A Price on Mom

I found this article through The Zero Boss. I guess I’m just really cheap, because my mom’s gift won’t be part of that estimated $1 billion. (Uhh… if they considered Canada in that figure, which they probably didn’t. But you know what I mean.) That isn’t to say that I don’t think my mom isn’t important, and that I’m not getting her a gift. Quite the contrary.

This year I hope to have my mom come for a visit so I can make a nice dinner for her. She has always wanted to try some real Chinese food, so that’s what on the menu so far. (I make a good crab and cream corn soup.) I also plan to give her a homemade gift. Personally, I know I would rather recieve a gift that someone spent 20+ hours making, instead of some smelly candle or sparkly do-dad that they picked up on their last trip to the mall. (Note to quanta: emeralds aren’t sparkly do-dads, so feel free to buy those for me!)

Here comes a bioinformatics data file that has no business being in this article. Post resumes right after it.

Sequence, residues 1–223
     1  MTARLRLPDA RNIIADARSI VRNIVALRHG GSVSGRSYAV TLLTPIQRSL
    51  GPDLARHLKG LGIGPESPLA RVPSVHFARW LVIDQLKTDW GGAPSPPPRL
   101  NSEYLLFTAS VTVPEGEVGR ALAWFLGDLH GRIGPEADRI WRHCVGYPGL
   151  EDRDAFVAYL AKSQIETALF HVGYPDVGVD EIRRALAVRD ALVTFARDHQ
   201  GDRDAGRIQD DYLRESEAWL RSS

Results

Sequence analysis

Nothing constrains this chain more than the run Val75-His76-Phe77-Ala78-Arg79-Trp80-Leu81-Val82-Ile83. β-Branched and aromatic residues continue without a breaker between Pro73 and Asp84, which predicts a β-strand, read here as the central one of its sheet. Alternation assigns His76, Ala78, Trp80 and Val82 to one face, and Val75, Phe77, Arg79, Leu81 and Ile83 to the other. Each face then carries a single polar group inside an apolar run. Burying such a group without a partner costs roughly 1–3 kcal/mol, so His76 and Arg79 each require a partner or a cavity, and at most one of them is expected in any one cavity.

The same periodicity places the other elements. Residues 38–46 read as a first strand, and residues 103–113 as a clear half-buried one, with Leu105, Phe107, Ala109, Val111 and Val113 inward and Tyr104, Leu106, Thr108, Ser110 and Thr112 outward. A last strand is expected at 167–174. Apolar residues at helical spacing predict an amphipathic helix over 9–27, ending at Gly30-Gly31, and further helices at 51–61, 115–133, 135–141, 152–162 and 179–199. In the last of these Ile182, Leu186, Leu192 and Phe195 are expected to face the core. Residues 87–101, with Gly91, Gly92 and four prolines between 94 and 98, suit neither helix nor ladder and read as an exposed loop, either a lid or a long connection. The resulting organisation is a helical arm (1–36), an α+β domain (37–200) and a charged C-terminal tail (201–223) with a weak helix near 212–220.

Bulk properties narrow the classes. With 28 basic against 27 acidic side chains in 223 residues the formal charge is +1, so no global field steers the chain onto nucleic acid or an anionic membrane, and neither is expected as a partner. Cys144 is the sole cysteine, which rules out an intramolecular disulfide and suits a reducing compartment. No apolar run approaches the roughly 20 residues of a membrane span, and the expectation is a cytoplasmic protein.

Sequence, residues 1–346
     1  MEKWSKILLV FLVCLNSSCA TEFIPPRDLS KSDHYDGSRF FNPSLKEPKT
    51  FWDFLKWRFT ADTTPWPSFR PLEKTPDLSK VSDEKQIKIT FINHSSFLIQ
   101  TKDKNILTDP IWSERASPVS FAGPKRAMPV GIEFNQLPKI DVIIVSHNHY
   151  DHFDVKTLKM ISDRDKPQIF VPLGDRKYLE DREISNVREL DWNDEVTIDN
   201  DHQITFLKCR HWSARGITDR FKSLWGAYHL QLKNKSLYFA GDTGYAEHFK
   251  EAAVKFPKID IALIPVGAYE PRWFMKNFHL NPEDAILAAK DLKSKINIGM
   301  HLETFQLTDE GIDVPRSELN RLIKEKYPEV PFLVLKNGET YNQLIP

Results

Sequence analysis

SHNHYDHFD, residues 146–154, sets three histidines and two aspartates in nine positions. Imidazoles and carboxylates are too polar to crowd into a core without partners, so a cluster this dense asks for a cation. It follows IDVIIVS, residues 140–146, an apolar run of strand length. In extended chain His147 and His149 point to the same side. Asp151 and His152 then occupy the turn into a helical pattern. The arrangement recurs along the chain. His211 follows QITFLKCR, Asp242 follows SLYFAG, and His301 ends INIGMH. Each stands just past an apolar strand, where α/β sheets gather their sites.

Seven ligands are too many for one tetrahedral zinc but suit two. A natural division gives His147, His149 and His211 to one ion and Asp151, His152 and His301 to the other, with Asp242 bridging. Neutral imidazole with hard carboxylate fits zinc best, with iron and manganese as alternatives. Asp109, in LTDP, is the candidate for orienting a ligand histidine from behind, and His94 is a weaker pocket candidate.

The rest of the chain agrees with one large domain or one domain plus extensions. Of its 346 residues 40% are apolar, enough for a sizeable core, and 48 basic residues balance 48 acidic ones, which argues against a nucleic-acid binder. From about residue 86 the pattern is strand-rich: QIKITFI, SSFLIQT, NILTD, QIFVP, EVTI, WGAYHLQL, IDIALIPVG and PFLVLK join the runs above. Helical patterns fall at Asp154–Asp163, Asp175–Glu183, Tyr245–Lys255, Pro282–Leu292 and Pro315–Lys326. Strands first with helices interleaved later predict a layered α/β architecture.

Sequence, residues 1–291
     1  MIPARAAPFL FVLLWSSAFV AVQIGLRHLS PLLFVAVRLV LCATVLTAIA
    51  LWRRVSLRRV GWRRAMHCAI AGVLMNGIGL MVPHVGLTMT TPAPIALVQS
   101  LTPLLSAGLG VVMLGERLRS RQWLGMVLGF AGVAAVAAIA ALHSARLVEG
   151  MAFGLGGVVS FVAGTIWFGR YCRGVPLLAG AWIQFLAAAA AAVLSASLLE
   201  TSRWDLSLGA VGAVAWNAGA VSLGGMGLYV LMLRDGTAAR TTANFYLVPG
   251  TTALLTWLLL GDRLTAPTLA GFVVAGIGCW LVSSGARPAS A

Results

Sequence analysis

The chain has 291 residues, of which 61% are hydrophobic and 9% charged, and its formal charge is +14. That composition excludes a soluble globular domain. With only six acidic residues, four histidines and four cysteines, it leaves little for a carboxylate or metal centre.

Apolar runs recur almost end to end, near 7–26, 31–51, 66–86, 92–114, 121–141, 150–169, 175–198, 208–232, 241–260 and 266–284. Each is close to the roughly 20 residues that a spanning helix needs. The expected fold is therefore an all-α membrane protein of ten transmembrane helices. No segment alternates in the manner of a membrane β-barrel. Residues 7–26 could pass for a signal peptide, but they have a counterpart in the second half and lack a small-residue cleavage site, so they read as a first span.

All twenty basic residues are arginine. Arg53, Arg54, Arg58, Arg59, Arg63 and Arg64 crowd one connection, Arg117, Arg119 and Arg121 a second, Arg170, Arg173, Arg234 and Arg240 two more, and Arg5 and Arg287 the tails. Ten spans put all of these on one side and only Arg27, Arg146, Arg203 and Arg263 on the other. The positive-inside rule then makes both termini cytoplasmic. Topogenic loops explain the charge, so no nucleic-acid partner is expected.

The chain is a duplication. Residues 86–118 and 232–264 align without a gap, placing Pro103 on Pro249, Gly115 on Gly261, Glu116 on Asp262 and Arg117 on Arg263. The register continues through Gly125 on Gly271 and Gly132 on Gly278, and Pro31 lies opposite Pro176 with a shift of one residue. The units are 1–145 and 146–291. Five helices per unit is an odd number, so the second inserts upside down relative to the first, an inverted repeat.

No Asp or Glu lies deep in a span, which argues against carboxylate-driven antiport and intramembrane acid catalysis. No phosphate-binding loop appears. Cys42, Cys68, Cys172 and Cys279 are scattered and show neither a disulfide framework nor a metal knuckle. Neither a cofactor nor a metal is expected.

As for the rest of the figures in the fancy “Top Spending Holidays” graphic, it is no wonder that Americans are so highly in debt. (And Canadian’s aren’t far behind them, from what I understand.) It also has me wondering where my $100 Valentine’s Day gift is…

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One Response to A Price on Mom

  1. Marc says:

    yeah, don’t trust those “averages” too much; you get around 5% of the population that spends several millions in that survey, and it boosts up the average to make it look like the average joe spends 100$, yeah right.